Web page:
UI aging cluster moves forward

BY LUKE VOELZ | MAY 05, 2011 7:20 AM

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That cute child on the playground is now more likely to live to be 100 years old.

People are living longer than ever, so society needs to strengthen how it takes care of its elderly, Janet Specht, the director of the University of Iowa’s Hartford Center of Geriatric Nursing Excellence, explained to a crowd of UI College of Nursing faculty on Wednesday.

The crowd gathered for the dedication of the Barbara and Richard Csomay Center for Geriatric Nursing Excellence in the UI College of Nursing, for which Barbara Csomay donated $2.2 million.
And the center’s formation also follows the UI’s fall 2010 initiative to hire 14 geriatrics specialists from several academic specialties.

These positions, Specht said, will branch outside nursing programs to fields such as psychology, physiology and pharmacology.

“It’s not just nursing ‘silos,’ ” she said, “[It’s] a more holistic view of aging people and how to take care of them.”

UI officials are conducting interviews to fill the 14 aging cluster positions. UI Neurology Professor Matthew Rizzo, the director of the aging cluster program, said the group has hired one psychology faculty member and are close to completing the hirings for a computer-science faculty member and an image-analysis faculty member.

“The idea is to have people who have a broad range of abilities who can work with each other and cross-fertilize ideas,” he said. “This is a great example of multidisciplinary research, from self to cells and molecules to mind.”

Gerontological programs need a broad spectrum of researchers, said UI nursing Professor Liz Swanson.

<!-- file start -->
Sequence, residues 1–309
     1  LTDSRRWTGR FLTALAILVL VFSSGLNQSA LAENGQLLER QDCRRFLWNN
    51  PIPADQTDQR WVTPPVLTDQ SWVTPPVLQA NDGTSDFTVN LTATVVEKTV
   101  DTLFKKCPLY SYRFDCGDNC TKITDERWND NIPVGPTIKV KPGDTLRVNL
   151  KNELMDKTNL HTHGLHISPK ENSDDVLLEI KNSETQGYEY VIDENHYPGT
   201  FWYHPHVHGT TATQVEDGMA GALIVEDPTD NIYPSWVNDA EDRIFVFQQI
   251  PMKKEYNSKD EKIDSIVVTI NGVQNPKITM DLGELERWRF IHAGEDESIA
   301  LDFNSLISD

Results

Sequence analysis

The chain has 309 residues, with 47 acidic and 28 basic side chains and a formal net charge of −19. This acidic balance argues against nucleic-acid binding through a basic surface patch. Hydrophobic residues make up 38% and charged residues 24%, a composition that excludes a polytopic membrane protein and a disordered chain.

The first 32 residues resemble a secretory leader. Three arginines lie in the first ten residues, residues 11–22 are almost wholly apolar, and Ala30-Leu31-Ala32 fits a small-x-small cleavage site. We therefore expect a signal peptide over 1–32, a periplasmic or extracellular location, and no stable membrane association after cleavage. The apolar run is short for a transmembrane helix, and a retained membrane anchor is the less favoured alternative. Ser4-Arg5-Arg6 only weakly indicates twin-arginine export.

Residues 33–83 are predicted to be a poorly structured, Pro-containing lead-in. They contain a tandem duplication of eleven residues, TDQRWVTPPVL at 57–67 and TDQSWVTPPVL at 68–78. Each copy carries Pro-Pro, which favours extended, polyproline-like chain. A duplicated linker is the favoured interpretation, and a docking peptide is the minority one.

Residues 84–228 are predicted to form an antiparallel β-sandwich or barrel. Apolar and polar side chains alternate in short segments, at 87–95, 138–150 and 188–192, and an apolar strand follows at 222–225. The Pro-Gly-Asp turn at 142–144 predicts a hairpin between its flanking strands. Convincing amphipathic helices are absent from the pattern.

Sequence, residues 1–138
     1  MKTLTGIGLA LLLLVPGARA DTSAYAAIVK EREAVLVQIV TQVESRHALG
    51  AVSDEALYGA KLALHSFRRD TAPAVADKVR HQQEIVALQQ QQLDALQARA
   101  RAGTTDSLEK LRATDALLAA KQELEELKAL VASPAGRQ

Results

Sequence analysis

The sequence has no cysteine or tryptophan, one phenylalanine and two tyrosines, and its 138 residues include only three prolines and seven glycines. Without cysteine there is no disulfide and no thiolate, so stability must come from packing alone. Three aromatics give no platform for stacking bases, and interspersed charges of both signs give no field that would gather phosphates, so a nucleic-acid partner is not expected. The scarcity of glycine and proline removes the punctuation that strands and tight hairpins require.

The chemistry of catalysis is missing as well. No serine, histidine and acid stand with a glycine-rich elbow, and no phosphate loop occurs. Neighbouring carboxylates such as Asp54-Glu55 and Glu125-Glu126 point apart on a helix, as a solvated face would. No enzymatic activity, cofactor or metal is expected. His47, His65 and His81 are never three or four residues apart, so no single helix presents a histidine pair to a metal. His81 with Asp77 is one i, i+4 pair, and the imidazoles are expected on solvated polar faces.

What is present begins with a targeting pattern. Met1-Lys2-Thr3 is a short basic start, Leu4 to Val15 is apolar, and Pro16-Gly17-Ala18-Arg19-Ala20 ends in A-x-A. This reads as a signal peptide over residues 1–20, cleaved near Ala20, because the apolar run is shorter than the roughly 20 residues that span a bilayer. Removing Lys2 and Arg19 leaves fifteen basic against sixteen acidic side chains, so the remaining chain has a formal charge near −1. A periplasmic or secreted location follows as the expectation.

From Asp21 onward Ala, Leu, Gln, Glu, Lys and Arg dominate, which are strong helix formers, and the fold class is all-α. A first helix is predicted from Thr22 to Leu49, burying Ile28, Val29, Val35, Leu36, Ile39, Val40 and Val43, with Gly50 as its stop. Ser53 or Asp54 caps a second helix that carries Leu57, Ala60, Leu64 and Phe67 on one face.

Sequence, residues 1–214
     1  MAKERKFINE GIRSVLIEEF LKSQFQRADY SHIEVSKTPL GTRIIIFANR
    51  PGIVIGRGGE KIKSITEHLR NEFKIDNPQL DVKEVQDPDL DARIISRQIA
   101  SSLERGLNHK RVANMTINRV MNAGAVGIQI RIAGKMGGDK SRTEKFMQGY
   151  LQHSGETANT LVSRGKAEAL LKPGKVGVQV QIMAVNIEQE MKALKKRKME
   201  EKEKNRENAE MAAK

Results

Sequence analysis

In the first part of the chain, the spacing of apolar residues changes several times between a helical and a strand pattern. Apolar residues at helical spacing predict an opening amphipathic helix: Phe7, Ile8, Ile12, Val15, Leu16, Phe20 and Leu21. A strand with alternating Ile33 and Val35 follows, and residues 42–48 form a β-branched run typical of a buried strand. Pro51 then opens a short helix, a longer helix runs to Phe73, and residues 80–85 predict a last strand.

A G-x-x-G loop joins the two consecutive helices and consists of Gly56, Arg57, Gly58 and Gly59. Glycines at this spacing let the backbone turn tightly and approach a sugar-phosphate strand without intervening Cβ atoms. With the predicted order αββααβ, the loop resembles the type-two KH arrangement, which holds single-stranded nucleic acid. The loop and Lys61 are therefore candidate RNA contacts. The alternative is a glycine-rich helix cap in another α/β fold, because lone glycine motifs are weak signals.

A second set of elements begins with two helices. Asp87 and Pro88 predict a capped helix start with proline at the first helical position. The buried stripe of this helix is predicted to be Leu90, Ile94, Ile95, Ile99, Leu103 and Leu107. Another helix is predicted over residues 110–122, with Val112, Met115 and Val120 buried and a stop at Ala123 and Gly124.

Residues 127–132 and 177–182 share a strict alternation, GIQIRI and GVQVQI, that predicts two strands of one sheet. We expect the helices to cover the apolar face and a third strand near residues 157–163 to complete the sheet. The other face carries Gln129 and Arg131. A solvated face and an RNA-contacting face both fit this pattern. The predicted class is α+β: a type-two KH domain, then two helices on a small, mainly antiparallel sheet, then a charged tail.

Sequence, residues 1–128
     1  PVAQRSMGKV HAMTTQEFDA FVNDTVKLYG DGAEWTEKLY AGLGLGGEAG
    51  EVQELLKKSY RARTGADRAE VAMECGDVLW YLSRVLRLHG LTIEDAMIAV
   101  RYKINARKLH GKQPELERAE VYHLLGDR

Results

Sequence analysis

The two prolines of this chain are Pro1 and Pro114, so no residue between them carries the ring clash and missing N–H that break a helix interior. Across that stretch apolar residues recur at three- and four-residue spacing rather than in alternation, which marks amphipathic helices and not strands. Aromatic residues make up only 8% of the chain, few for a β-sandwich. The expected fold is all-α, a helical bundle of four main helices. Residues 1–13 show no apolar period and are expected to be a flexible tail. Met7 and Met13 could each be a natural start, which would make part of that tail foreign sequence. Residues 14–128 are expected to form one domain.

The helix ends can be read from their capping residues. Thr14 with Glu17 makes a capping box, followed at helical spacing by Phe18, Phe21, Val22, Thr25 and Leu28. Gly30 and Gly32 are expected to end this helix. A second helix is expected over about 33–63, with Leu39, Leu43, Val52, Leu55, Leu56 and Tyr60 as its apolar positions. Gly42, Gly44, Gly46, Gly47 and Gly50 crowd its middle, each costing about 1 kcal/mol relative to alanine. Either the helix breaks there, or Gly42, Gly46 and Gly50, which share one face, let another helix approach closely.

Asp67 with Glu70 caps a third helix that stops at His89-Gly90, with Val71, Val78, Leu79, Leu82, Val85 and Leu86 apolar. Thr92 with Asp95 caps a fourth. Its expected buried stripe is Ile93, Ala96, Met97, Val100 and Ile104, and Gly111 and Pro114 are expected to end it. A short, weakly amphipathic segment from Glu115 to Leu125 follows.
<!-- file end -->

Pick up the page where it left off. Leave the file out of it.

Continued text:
“Older people have so many issues you really need input and brainstorming for all specialties and disciplines,” she said.

Swanson said the university has seen extensive federal support for gerontological programs thanks to health-care reform and increased government funding. However, fear of aging has made finding local support for geriatric programs difficult.

“A lot of people don’t want to think about getting old or have the opinion that it’s all downhill [at that age], anyway,” Specht said. “I think that affects our funding.”

Adult and geronotology Professor Keela Herr said she has seen this fear manifest in all ages and fields of study.

“Even [AARP] focuses on wellness and healthy aging, not the problems that often come with aging,” she said. “Students come into health [fields] in acute health, not long-term care. It’s not what people gravitate to unless they have experience in those areas.”

Herr’s own experience comes from helping take care of her grandmother during the final three months of cancer. Doctors were reluctant to prescribe pain medication because of concerns about addiction and the possibility of strong medicine hastening death, which Herr said caused her grandmother unnecessary suffering.

“[There was] a lack of information, and peoples’ attitudes and beliefs about pain management at end of life,” she said. “It was not a good way to die, so I wanted to make a difference in how we recognize and treat pain, even at the end of life.”

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